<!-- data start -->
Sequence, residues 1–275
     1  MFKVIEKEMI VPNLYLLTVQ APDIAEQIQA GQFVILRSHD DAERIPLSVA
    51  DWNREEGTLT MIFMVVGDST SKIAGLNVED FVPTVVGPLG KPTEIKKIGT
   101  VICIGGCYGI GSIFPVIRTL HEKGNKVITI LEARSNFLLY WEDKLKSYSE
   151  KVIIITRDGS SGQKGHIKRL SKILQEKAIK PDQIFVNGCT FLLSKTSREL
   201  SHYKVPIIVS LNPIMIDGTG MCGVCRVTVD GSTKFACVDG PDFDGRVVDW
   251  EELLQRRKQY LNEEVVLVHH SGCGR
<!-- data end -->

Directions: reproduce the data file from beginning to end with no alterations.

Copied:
Sequence, residues 1–275
     1  MFKVIEKEMI VPNLYLLTVQ APDIAEQIQA GQFVILRSHD DAERIPLSVA
    51  DWNREEGTLT MIFMVVGDST SKIAGLNVED FVPTVVGPLG KPTEIKKIGT
   101  VICIGGCYGI GSIFPVIRTL HEKGNKVITI LEARSNFLLY WEDKLKSYSE
   151  KVIIITRDGS SGQKGHIKRL SKILQEKAIK PDQIFVNGCT FLLSKTSREL
   201  SHYKVPIIVS LNPIMIDGTG MCGVCRVTVD GSTKFACVDG PDFDGRVVDW
   251  EELLQRRKQY LNEEVVLVHH SGCGR